2009-08-20 / News

Reporting from the front row

Flotsam and Jetsam
By Donna Drago

Box H50, row A1, seat 2: This is where I sat for a recent Red Sox game. It was the very front row, behind home plate. I don’t usually get such great seats so I told everybody I know to look for me on TV.

Life in the front row is exciting, although strange because everything that’s going on in the stands happens behind you. When the crowd does the “wave,” you really don’t even notice until you feel a strange breeze on the back of your head. Cotton candy and giant foam fingers are being passed back and forth, but none of that activity gets in the way of seeing the game. Taking photos was the best thing – I used the wall between the field and the seats as my tripod and got some terrific shots of the players.

Among the first things I noticed when the game started was the sound the ball makes when it hits the catcher’s glove. Once I got used to the loud smack, I could tell which were fastballs and which were change-ups just by listening. Both types of pitches looked incredibly fast from my perspective. In fact, some had such speed that I didn’t see them at all – just heard a sharp “thwop” in the glove.

When I’m watching on television, I can’t stand the people who sit in these home plate seats. If you watch baseball, you know the ones – they spend the whole game with their cell phones plastered to their ears, waving and grinning at the cameras in center field. For them, the game is all about “look at me.” Yikes. My phone chirped. It was my daughter texting me: “What r u weari

“A red shirt,” I texted back. “I think I saw you,” she replied. Meanwhile, “thwop.” I had missed a play.

I put the phone away.

A quick front-row observation: Kevin Youkilis’ head is shiny, while Dustin Pedroia’s bald pate has a matte finish.

There are some pretty good perks associated with sitting in the front row. The first is that we got a “Front Row Club” valet parking pass to the lot on the corner of Yawkey Way and Van Ness Street. We pulled the car in, a guy took it away. We looked up and there – not 50 feet away – was Gate D.

“Wow,” we said collectively.

Another perk is that the front row comes with food service. At the beginning of the game, they bring around printed menus and then come back in the second inning to take your order. You can run a tab and settle up by credit card at the end of the game.

While not exactly gourmet, the menu has items to keep most fans happy. Mini burgers with Vermont cheddar and fries were $9.85. A Maine lobster roll costs $18.20 and an Italian sausage grinder with peppers and onions goes for $7.10. For the health conscious, the menu includes a whole-wheat turkey wrap for $10.10 and there’s also a fresh fruit cup for $6.10. It was a very hot night – mid-80s at game time – so I went for a Green Monster mint ice cream. It was delicious!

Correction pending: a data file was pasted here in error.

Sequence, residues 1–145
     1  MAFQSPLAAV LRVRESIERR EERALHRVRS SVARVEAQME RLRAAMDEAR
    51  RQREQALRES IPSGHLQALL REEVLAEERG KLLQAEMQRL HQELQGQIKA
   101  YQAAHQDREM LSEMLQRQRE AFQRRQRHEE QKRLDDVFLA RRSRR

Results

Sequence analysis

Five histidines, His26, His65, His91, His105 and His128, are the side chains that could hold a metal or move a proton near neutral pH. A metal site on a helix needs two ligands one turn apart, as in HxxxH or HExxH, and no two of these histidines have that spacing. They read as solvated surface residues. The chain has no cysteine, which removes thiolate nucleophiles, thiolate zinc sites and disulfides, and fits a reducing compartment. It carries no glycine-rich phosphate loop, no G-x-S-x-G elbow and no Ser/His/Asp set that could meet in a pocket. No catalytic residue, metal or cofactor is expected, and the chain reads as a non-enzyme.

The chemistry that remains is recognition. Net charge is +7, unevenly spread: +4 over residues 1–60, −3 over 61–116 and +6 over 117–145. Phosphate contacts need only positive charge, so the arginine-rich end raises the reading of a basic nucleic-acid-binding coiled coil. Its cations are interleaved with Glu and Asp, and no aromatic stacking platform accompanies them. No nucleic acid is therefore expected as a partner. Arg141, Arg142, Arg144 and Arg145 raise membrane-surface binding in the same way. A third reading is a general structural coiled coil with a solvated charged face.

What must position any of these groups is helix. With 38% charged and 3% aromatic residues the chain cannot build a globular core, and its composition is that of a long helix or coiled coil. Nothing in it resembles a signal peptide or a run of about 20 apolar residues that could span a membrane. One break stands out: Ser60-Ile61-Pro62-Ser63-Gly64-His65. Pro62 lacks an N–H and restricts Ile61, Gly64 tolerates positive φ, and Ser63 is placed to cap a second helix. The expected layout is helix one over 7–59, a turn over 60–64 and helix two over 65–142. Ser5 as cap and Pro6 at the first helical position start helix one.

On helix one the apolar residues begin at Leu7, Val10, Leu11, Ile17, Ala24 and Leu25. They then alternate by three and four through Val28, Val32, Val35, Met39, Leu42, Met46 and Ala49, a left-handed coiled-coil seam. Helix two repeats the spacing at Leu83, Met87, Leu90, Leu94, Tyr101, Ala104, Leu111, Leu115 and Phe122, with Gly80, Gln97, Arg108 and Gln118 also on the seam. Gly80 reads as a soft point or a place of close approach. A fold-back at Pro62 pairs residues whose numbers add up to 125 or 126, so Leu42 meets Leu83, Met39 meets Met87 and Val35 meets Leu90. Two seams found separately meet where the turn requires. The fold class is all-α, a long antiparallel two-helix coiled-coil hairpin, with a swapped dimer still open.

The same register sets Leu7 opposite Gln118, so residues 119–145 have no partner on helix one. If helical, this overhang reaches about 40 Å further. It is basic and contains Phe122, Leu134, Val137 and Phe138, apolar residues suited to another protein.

I never realized this, but now that I am a first-row veteran I can report that the inside of the wall that separates the field from the stands is lined with flat-screen TVs. At the level of our knees, we were able to watch the NESN broadcast of the game and see all the replays.

Very cool.

Before the game, I was playing the “worst-case scenario game” in my head. Broken bats heading straight at me. Drunken fans spilling beer on my head. I had run through all the bad things that could possibly happen. I was ready. In the eighth inning, with two outs, a batter for the Tigers hit a pop-up foul. I followed it up, way up, until it was about 150 feet directly over me. Then I followed it down, down, until it was way too close. At that point, I put my arms up to protect my head and ducked behind my husband. Our friend, who goes by the nickname “the Falcon,” ducked behind my husband on his other side. I heard a terrifying clattering sound and got up the nerve to peek out in time to see the hulking form of Victor Martinez hanging over me with the ball in his glove. Inning over.

Moments later, a member of the Red Sox security staff came over to us and said, “On behalf of 38,000 fans, thank you for not interfering in that play.”

Interfering? I was petrified. Still, I remained unscathed, except for a racing heartbeat.

I don’t know if I’ll get another chance at front row seats, but I’m delighted to have experienced the view from the front. It’s pretty exciting.

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